Dealing with Oddball Interview Questions


While most job interviewers tend to stick to straightforward questions, occasionally they’ll fire off a weird one at a candidate.

Hiring managers at Google and Microsoft are famous for tossing out oddball brainteasers, although that practice has declined in recent years. (“Why are manhole covers round?” was a favorite at Microsoft for quite some time, if you believe the stories.) Yet despite some executives shunning the practice, out-of-the-box questioning persists at many tech firms. Over at SpaceX, for example, CEO Elon Musk has been known to ask prospective engineers to solve a geography-related riddle.

So how do you answer if an interviewer asks you something along the lines of, “If you could be an animal, what kind of animal would you be?” (That question, by the way, is reportedly asked in some interviews at Apple.) Here are some tips:

Keep Positive

Sure, the question might sound idiotic. But most of the time, there’s a method to the interviewer’s madness: they’re trying to see how you deal with the unexpected, and whether you can think outside of the proverbial box. Whatever your feelings about the question, remember to maintain the positive attitude that you bring to every job interview, even if the idea of trying to guess how many tennis balls will fit in a 747 makes you roll your eyes. (The answer to that, by the way, is 6.7 million.)

Repeat the Question

As with any other difficult question, repeating it out loud will buy you time to think of a suitable answer.

Work the Problem (If There Is One)

If the interviewer wants to see how you deal with the unexpected, give them what they want. Depending on its format, you can treat the odd question as if it were a straightforward engineering or management problem: consider the central issue, the resources at hand, the potential complications, and work your way step-by-step to the end.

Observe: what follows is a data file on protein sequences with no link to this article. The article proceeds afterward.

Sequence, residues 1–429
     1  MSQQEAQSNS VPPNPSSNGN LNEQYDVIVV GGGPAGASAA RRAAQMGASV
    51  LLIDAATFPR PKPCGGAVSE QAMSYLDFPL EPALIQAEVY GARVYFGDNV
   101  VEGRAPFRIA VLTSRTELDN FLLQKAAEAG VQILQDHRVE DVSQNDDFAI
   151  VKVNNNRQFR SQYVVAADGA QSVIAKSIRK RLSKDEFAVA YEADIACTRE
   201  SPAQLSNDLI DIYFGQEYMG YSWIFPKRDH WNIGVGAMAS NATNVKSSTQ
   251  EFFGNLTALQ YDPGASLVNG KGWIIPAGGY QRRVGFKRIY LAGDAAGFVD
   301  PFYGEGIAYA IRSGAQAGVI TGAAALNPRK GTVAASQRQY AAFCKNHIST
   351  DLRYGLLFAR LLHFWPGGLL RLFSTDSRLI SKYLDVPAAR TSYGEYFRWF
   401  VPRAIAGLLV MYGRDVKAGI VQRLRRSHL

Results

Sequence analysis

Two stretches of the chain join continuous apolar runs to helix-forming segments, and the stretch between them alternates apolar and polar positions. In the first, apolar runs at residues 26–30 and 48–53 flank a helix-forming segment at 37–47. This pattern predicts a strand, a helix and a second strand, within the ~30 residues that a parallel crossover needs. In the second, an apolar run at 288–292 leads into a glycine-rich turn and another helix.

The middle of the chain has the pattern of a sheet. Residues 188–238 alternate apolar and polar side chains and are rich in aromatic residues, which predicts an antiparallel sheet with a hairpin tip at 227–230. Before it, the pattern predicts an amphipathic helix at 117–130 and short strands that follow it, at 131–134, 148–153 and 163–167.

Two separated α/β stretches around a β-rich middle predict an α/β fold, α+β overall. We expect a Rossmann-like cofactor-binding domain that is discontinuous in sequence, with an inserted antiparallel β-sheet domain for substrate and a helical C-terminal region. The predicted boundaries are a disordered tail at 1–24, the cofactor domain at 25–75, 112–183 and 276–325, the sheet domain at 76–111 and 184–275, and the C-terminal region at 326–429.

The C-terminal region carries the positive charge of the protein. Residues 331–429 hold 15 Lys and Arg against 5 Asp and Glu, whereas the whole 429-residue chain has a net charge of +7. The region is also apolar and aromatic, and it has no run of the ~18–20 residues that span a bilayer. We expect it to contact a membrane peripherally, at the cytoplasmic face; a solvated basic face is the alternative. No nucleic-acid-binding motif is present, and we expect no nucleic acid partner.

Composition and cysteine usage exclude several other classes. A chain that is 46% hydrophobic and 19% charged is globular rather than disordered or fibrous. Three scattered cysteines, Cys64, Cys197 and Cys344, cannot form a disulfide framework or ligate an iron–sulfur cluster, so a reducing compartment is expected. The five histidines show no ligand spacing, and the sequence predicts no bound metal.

By doing so, you demonstrate to the interviewer that you’re innovative and can come up with solutions on the fly. Even if you don’t figure out how many tennis balls you can cram in that jumbo jet, at least you’ll have demonstrated your thinking process.

Reflect Your Personality (and Skills)

Other oddball questions don’t quite fall in the category of “brainteaser.” In those cases, the company is using them to get a better sense of who you are.

Let’s say you’re confronted with a query like, “What three items would you take with you to a desert island?” The interviewer wants some insight into whether you’re a creative person (“I’d take paints!”) or a ruthlessly pragmatic one (“I’d take a radio and a flare gun.”). If you’re applying for a job that requires particular skills or aptitudes, your answer to the question should reflect those requirements in some way.

Don’t Panic

When confronted with a truly weird question, it’s natural to panic. In fact, many interviewers expect a brain-twister to leave you tongue-tied. But if you focus on working the problem, as opposed to getting stuck on the goofiness of the question, you can offer a splendid answer.

One Response to “Dealing with Oddball Interview Questions”

  1. Jonathan

    It depends on the question and the context, but my response to a really oddball question might be, “Thank you for your time.” As the job begins, so it will continue. I value independent thinking and originality, but I don’t want to work for a company that encourages oddballs.